2. US unit demand declined 14% in July, far more than the -7% drop a year prior, and weaker than GfK's own expectations. This could point to substantial weakness over the next 6-12 months for Apple, considering last year, ahead of the iPhone 6 launch, the sales decline was about half of the current decline even without a major new phone rollout imminent. This may mean that the upgrade cycle was much stronger and/or shorter until now, and is starting to fade dramatically.
  3. The data started deteriorating before the recent rout in Chinese stocks and EM currencies (which make products such as the iPhone more expensive). Keep in mind most of the future growth for Apple is expected to come from Emerging Markets and China now that the US only accounts for a third of total sales.

So did Tim Cook lie?

If one uses channel check data to objectively determine end demand, the answer is a resounding yes. To be sure, Cook may be telling the truth in a very narrow sense, if Apple is simply be resorting to the oldest trick in the book at this point: channel stuffing.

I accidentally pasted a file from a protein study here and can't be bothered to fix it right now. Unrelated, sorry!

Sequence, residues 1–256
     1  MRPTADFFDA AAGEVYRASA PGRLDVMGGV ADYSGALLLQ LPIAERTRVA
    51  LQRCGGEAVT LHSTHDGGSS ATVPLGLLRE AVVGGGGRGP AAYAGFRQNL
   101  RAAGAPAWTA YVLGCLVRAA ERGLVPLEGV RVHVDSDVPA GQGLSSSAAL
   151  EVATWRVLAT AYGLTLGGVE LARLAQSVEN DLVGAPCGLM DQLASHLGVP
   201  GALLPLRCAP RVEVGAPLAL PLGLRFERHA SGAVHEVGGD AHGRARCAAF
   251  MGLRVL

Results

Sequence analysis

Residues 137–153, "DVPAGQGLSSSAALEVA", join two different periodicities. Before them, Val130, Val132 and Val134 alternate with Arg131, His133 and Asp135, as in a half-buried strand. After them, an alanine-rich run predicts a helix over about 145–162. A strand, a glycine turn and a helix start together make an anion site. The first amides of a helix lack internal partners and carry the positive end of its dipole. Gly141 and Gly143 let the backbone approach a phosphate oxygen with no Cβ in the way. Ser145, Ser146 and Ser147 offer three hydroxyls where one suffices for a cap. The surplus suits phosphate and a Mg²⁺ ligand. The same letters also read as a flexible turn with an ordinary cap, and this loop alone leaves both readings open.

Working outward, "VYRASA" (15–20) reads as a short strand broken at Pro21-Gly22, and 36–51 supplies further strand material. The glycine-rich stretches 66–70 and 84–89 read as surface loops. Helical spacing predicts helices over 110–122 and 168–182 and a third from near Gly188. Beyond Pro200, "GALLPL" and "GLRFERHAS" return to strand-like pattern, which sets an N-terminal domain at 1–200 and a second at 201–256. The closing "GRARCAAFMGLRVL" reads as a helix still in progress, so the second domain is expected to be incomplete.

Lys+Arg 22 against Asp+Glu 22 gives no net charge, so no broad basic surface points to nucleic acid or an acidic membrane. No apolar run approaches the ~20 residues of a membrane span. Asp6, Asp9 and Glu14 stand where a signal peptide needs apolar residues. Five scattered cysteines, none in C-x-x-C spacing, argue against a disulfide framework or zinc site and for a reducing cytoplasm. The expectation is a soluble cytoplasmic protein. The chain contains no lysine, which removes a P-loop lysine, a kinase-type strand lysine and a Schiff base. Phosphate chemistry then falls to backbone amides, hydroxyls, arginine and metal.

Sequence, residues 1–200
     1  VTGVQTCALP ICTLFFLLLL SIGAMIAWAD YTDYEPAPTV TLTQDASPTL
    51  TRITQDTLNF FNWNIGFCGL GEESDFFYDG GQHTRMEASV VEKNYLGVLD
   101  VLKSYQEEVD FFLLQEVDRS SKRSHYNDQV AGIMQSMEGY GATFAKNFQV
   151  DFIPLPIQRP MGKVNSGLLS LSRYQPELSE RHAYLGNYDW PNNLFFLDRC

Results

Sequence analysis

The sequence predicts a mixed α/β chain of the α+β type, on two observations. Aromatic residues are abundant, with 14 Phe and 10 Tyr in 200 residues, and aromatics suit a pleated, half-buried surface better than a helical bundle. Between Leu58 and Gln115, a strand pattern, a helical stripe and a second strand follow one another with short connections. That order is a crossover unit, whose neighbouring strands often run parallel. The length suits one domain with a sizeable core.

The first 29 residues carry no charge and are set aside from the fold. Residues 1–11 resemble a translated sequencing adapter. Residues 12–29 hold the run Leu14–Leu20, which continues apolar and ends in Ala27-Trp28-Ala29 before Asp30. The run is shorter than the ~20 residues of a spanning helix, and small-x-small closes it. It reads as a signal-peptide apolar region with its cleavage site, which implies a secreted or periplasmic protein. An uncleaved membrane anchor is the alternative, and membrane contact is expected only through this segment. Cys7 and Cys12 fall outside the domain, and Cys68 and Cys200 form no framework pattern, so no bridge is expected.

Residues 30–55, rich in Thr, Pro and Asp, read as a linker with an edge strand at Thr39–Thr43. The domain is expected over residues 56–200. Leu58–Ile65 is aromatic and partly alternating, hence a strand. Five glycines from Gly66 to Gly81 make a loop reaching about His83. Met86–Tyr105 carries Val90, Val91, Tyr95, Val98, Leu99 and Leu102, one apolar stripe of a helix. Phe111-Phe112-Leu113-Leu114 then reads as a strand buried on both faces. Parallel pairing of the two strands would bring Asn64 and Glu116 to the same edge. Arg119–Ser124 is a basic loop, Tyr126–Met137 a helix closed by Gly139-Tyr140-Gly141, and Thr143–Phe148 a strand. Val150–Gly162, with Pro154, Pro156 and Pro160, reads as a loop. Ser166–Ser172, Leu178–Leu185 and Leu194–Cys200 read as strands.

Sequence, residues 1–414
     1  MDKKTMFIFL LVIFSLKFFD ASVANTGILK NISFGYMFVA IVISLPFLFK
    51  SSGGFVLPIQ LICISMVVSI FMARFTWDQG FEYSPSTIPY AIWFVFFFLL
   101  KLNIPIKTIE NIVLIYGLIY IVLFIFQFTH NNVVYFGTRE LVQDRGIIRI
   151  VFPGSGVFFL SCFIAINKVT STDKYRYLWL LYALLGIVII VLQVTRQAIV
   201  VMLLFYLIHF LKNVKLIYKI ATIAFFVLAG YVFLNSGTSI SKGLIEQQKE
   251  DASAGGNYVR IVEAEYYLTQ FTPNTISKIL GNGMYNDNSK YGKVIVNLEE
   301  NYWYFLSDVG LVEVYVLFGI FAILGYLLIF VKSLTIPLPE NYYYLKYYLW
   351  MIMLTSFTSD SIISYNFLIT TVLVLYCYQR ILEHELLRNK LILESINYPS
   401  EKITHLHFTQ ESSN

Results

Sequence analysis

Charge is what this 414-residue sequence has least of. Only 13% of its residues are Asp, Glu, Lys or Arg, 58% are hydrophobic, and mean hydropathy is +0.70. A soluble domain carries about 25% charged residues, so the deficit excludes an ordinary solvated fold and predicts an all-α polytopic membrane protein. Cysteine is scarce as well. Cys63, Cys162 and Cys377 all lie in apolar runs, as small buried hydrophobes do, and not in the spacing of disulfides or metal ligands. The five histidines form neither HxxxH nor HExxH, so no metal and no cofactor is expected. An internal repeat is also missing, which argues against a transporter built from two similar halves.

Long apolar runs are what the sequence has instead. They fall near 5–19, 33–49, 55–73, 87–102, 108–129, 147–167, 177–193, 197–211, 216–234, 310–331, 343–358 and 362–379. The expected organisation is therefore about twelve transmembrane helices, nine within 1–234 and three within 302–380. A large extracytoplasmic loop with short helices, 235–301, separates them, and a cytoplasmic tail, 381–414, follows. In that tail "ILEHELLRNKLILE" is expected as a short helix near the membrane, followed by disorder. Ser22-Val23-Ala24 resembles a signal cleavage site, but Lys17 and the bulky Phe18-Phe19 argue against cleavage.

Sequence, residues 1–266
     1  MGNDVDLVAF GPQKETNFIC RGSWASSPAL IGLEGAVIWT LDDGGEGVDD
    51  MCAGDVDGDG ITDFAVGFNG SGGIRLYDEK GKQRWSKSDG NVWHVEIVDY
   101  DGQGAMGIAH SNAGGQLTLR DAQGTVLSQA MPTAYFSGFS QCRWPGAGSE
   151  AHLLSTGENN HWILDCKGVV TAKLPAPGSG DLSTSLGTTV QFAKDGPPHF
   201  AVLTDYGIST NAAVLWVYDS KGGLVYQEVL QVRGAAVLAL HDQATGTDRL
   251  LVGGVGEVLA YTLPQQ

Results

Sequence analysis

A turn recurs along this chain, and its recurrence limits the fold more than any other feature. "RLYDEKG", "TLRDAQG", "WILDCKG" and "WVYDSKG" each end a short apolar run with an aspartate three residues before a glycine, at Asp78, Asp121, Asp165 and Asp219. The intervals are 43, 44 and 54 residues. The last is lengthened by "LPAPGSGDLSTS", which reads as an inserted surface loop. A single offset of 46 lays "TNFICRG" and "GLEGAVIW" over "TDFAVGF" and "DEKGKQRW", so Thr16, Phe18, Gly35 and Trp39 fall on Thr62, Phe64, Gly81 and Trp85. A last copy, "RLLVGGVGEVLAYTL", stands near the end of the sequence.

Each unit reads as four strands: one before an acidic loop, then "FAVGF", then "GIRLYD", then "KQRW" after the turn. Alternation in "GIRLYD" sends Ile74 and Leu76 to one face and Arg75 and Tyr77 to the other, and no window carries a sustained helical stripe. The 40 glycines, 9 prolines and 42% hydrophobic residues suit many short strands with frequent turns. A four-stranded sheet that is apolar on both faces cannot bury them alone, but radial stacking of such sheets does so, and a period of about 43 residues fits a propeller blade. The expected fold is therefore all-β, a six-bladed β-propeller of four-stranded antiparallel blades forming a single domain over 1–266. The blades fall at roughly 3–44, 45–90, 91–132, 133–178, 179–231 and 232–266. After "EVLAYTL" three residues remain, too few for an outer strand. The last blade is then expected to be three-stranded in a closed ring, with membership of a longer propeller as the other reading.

The problem with channel stuffing is that it only allows you to mask the problem for 2-3 quarters at which unless there has been a dramatic improvement in the end-demand picture, it re-emerges that much more acutely: just ask AOL which was channel stuffing for months on end, only to be ultimately exposed, leading to a epic plunge in the stock price.

So is AAPL the next AOL, and is Tim Cook the next Thorsten Heins?

It all depends on China: if the world's most populous nation can get its stock market, its economy and its currency under control, then this too shall pass. The problem is that if, as many increasingly suggest, China has lost control of all three. At that point anyone who thought they got a great deal when buying AAPL at $92 will have far better opportunities to dollar-cost average far, far lower.

Oh, and to anyone still holding their breath for AAPL to file a public statement which may well contain an outright lie, you may exhale now.